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Bewildering Stories

Bruce Golden, Better Than Chocolate

reviewed by Darlene Santori

Better Than Chocolate
Author: Bruce Golden
Publisher: Zumaya Otherwords, 2007
Trade paperback: $14.99
Length: 304 pp.
ISBN: 978-1-934135-46-4
Though it takes off with a bang, Better Than Chocolate, at first, may seem a bit hackneyed. But keep reading and you’ll see it’s the understated satirical tone of the book which makes it anything but a cliche. There’s more going on here than just a search for a cop-killer, and the discovery of a conspiracy that threatens all humanity. There’s a subtle undertone of gonzo social commentary.

The book’s vibrant characters are both larger-than-life and true to it. Golden seems to populate his tale with stereotypes, but then breathes new life into them by turning those stereotypes on their ear. Some of the characters may seem whimsical at times, but their actions are always plausible. It’s a delicate balance of parody and punchy realism, but one which Golden pulls off.

There’s the celebrity talk show host known as “America’s Favorite Virgin,” a lusty, hard-nosed San Francisco police inspector, and his new crime-fighting partner, a Marilyn Monroe celebudroid. Yes, the film icon comes to life in Better Than Chocolate as one of several celebrity androids created for commercial purposes, to look and act like their originals. Comic juxtaposition often ensues when Marilyn’s original programming seeps into her police work. And, as with most artificial intelligences, Marilyn begins to evolve beyond what her creators intended. Though along the way, she proves an annoyance to Inspector Noah Dane, their relationship evolves as well.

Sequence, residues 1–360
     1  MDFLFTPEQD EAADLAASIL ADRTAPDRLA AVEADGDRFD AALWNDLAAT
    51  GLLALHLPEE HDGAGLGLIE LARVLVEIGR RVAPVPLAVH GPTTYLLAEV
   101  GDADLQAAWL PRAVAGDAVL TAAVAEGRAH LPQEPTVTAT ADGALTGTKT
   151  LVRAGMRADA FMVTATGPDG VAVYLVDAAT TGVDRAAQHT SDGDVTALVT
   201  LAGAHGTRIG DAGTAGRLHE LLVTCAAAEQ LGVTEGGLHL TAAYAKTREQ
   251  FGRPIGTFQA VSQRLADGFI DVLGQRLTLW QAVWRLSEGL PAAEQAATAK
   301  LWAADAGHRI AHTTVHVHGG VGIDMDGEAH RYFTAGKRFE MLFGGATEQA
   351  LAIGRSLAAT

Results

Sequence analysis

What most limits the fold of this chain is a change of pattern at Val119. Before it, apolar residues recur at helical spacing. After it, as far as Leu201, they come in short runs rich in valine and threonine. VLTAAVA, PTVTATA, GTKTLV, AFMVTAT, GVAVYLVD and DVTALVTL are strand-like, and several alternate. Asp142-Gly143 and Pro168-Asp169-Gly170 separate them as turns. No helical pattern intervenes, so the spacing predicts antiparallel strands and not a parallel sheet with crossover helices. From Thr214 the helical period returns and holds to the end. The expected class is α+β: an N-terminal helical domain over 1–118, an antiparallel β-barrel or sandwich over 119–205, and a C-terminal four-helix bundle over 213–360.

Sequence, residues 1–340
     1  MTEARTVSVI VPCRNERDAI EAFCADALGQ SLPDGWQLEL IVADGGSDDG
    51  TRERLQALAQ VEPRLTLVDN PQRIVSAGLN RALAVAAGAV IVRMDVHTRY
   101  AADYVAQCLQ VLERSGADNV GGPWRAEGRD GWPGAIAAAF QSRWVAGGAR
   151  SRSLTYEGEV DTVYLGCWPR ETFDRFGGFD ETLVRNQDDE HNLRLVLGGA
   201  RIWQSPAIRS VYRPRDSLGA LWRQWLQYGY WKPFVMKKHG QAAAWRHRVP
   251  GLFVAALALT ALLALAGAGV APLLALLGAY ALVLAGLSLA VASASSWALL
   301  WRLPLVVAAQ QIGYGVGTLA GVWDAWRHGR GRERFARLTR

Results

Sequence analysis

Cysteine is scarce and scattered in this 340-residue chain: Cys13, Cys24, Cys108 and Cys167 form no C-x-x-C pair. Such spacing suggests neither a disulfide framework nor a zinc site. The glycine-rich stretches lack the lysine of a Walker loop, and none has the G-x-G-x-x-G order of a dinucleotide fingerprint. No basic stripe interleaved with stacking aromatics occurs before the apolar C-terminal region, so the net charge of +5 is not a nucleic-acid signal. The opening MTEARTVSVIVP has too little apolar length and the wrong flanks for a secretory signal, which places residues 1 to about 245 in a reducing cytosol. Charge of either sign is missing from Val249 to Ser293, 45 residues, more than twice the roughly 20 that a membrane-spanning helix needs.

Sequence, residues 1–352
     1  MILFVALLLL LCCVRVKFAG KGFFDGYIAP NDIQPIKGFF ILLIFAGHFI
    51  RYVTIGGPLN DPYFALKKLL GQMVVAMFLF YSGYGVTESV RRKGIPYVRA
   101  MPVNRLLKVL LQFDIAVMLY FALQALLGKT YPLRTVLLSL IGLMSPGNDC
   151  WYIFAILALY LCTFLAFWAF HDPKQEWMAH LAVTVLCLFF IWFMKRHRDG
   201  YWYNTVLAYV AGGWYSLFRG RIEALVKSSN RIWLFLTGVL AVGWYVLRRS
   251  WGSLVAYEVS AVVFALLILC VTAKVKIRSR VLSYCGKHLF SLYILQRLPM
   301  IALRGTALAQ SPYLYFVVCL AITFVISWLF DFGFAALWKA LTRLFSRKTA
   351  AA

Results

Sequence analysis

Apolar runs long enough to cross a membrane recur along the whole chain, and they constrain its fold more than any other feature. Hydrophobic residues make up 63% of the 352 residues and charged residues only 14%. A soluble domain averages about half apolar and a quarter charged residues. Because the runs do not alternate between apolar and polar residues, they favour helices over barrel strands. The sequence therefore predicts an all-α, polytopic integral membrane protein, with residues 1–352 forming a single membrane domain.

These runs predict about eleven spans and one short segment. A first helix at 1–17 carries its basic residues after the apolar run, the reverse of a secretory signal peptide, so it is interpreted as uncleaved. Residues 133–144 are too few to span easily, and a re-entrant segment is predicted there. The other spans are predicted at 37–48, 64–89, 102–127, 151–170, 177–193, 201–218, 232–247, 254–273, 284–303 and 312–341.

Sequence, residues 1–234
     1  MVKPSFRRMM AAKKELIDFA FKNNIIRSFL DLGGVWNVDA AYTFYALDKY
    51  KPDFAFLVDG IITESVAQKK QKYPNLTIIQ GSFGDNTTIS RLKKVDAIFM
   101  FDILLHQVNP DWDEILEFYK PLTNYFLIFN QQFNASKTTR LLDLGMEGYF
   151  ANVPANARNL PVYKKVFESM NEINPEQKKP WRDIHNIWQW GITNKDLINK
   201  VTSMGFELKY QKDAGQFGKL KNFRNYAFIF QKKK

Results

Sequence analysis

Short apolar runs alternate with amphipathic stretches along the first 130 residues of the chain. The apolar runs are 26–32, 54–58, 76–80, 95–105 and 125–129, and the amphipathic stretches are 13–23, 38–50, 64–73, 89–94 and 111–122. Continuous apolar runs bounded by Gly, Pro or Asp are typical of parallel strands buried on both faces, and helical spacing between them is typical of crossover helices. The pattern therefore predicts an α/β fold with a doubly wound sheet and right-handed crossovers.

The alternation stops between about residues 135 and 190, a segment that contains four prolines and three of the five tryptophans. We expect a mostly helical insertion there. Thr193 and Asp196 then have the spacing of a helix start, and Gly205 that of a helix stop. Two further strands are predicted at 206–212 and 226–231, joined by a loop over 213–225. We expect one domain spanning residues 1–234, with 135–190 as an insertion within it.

This book is a lively, fun read–it keeps you turning pages and wanting more. Its tone reminds me of David Brin’s Kiln People, but, unlike that novel, Better Than Chocolate is more people-driven than plot-driven. However, the plot is there, and it’s a dastardly one that strikes at the heart of mankind. And, if you don’t already know what’s better than chocolate, you’ll find out as Golden’s quirky cast of characters leads you through this science fiction who-dunnit (or, more accurately, who’s gonna do it) towards a comically sexy climax.

Copyright © 2007 by Darlene Santori

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